Rep. Ilhan Omar's Daughter, Isra Hirsi, Suspended From Barnard

Isra Hirsi, the daughter of Rep. Ilhan Omar (D-Minn.), was suspended from Barnard College this week over her participation in a pro-Palestinian protest.

Hirsi, a junior at Barnard, the women’s college connected to Columbia University, is an organizer with Apartheid Divest, a student coalition that has been pressing the university to cut ties with companies that support Israel. The group had set up an encampment at the university.

Hirsi said she was one of three students who were suspended.

“I have never been reprimanded or received any disciplinary warnings,” she wrote on X (formerly Twitter) on Thursday. “I just received notice that I am 1 of 3 students suspended for standing in solidarity with Palestinians facing a genocide.”

It is not clear how long Hirsi’s suspension will be.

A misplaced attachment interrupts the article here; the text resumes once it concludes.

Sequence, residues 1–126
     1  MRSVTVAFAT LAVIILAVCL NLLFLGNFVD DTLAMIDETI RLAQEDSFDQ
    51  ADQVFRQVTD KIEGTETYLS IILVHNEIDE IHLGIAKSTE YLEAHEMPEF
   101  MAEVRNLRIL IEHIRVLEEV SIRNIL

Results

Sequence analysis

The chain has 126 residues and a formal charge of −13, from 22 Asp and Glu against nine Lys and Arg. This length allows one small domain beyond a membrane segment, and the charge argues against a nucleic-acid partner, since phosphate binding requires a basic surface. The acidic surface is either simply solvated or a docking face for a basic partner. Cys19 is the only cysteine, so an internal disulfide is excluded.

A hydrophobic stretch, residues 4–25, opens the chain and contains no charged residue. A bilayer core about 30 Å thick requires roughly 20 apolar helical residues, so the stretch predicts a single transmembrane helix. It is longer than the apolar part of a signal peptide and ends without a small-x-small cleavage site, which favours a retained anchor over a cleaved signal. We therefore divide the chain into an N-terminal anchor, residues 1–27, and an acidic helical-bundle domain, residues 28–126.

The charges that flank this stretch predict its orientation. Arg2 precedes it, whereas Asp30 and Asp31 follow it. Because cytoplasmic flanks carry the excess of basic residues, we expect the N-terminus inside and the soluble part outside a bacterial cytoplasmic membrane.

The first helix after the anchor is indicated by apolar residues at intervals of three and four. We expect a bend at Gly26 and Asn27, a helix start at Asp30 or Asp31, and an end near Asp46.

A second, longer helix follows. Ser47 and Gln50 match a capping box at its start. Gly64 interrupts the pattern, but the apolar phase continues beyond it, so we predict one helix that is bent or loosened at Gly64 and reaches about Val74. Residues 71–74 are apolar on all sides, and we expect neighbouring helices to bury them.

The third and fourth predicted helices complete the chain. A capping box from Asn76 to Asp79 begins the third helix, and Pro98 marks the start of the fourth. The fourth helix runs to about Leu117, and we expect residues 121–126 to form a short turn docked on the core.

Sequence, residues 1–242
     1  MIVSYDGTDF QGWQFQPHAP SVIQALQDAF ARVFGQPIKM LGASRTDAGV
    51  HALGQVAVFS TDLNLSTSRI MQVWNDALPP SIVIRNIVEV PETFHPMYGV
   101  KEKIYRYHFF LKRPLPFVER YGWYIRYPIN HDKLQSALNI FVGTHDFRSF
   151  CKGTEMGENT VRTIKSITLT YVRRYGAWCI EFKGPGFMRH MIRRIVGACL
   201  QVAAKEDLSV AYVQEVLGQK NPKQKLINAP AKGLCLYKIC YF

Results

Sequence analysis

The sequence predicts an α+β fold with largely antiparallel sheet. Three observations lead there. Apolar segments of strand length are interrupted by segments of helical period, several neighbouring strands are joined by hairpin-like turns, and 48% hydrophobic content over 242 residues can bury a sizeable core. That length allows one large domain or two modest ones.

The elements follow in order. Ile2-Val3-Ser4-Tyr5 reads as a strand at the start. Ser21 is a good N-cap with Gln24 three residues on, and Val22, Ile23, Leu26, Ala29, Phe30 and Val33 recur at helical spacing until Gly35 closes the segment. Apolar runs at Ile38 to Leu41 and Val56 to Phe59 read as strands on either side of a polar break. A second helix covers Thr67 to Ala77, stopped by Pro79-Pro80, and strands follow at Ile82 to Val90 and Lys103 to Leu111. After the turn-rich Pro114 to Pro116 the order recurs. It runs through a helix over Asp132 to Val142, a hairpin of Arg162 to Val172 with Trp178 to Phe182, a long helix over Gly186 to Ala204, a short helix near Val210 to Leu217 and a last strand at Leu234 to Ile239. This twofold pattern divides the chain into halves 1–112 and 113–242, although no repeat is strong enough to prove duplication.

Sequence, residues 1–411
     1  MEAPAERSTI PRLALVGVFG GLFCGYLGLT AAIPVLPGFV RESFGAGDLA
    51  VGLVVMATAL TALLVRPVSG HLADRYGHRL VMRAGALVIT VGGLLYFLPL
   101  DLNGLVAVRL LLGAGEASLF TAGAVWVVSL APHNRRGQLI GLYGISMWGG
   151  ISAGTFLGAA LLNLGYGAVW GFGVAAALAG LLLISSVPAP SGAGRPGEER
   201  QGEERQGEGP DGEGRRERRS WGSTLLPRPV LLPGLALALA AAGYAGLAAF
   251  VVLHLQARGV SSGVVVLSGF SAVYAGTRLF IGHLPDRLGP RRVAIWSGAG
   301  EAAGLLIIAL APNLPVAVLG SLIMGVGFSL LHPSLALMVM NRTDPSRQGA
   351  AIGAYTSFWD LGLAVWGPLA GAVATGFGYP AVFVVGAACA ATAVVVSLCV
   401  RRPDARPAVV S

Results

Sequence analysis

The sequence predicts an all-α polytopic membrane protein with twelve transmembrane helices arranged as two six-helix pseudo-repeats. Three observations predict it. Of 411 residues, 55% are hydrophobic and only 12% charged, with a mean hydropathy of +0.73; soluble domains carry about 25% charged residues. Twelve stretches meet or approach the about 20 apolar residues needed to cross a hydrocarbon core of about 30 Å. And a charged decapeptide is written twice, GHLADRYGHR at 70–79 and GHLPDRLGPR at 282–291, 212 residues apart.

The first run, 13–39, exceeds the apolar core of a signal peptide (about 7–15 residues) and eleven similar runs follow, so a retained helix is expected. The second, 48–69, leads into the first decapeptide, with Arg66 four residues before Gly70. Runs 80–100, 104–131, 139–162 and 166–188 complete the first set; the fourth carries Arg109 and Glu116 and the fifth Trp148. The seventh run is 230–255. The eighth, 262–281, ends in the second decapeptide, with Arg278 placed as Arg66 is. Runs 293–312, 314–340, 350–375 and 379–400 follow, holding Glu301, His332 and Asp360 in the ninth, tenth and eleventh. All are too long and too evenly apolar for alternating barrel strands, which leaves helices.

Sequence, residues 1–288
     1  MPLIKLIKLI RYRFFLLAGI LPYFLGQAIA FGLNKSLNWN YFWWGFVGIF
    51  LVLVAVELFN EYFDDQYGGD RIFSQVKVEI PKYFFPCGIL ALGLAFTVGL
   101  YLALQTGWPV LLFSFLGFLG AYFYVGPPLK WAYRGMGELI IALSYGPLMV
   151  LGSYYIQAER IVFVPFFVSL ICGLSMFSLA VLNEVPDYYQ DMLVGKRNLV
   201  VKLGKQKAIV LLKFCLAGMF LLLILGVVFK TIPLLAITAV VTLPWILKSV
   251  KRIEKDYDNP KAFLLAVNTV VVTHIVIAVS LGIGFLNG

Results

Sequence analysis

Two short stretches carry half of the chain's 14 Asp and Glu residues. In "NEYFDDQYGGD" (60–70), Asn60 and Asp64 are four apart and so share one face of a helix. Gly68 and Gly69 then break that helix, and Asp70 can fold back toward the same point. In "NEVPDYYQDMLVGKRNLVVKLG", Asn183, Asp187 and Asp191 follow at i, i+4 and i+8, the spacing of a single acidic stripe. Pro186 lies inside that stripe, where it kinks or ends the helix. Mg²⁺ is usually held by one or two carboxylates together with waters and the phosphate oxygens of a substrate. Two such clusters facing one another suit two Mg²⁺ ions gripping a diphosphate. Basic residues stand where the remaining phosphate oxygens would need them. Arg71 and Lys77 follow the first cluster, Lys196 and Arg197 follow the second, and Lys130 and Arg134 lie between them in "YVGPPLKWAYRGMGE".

A Columbia spokesperson told HuffPost that students who participated in the “unauthorized encampment” were suspended.

“We are continuing to identify them and will be sending out formal notifications,” the spokesperson added.

Barnard said it does not comment on confidential student proceedings but directed HuffPost to a statement the school published Thursday.

“A number of Barnard Senior Staff also went to the lawn to ask Barnard students participating in the encampment to leave and to advise Barnard students that they would be subject to sanctions at Barnard if they did not leave the encampment,” read the statement.

The news comes one day after the university’s president, Nemat “Minouche” Shafik, testified before Congress about student activism surrounding the Israel-Hamas war and the rise of antisemitism on campus. Omar was among the lawmakers who questioned Shafik and specifically asked about the safety of Palestinian and Muslim students on campus.

Omar’s office did not immediately respond to HuffPost’s request for comment.

In a letter sent to the deputy commissioner of the New York City Police Department on Thursday, Shafik said she’d authorized police to clear the encampment and remove more than 100 protesters.

“I have determined that the encampment and related disruptions pose a clear and present danger to the substantial functioning of the University,” she wrote. “With great regret, we request the NYPD’s help to remove these individuals.”